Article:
State and national dignitaries, all-time greats from both the University of Tennessee and the Volunteer State, everyone, seemingly, has a John Ward story to share after the passing of the legendary ‘Voice of the Vols.’ Ward died Wednesday.
Ward connected, first Tennessee, then an entire region, and ultimately Volunteers around the globe, with his iconic calls, sublime delivery, and unfailing flair for the moment — without being flashy or taking away from the sport.
Yet Tennesseans today mourn his loss because they knew him, be it through their radios or the thousands of interpersonal interactions. Everyone knew John Ward, because John Ward had the capacity to bring any listener — his most ardent, or the casual fan — into the broadcast booth alongside him.
Tennesseans too young to remember his calls of the electrifying Willie Gault can today dig up Ward’s call of Gault’s kickoff return for a touchdown against Vanderbilt in Nashville and immediately envision No. 26 racing across the artificial turf and “all the way to the State Capitol.”
Younger fans still know that “Pandemonium Reigns” forever means that Tennessee and Phillip Fulmer vexed their hex against erstwhile nemesis Steve Spurrier and the Florida Gators in 1998, en route to Ward’s call that “Your National Champion … is clad in Big Orange!” as Ward capped his football career with the Vols’ 1998 BCS National Championship against Florida State in the Fiesta Bowl.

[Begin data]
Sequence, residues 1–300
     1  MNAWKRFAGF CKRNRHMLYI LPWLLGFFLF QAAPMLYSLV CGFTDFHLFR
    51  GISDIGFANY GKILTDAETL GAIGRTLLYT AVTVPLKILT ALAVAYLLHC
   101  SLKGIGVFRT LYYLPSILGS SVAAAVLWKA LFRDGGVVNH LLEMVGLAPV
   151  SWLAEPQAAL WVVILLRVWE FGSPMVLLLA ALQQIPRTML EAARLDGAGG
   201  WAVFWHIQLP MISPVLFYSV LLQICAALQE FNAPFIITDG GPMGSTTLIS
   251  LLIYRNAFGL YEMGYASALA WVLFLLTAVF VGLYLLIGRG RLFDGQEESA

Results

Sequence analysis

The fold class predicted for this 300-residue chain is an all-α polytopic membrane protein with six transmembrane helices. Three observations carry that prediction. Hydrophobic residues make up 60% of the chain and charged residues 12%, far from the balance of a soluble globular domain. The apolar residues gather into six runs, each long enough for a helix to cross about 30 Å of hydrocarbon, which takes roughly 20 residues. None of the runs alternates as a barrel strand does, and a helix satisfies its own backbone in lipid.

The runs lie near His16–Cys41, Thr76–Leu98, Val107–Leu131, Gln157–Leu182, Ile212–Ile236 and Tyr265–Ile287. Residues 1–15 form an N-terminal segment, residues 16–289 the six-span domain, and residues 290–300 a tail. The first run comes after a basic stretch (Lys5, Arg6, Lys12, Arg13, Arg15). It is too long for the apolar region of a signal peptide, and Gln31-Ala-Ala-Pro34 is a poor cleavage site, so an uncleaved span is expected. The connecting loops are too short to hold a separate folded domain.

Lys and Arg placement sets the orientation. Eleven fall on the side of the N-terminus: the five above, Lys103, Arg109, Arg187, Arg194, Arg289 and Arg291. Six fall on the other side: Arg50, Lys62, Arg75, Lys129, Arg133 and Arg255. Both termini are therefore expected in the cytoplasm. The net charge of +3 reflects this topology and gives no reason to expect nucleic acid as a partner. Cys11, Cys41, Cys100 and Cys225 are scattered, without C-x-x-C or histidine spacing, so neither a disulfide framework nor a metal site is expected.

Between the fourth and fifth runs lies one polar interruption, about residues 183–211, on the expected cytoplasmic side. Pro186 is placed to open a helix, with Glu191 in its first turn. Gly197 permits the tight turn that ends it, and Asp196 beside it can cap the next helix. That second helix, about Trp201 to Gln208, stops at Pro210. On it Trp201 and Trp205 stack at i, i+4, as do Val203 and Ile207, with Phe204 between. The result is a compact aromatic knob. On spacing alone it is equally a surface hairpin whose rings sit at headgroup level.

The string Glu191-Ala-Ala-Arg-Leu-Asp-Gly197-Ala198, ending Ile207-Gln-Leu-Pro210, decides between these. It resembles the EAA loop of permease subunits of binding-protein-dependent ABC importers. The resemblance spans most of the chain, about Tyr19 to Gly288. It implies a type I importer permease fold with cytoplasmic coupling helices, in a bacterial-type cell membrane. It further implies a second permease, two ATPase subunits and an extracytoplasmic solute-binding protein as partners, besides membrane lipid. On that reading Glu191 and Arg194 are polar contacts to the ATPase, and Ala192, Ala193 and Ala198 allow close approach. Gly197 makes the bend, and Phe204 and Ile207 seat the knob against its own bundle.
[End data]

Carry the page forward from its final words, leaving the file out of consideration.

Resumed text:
Ward’s banner hangs inside Thompson-Boling Arena; there might never have been a smoother voice on the hardwood call. His name and visage likewise adorn the John Ward Broadcasting Center inside Neyland Stadium.
More can and should be done to honor the man who called University of Tennessee athletics contests in parts of five decades, starting in the 1950s and ending in the 1998-99 athletic calendar.
Ward’s name should be on the ring inside Neyland Stadium, alongside tributes to its other legends. Or perhaps, as UT readies itself to enter into an all-new phase of Neyland Stadium renovations, it can properly honor Ward as part of that process.
Wouldn’t a bronze statue of Ward, complete with towel around his neck and headphones atop his head, be the quintessential move?
UT has gotten much wrong, athletically speaking, across the past 10 years, but it does an admirable job of honoring its legends. The Gen. Robert R. Neyland and Pat Summitt statues are pristine, beautiful enhancements to a Rocky Top campus that never has looked better.
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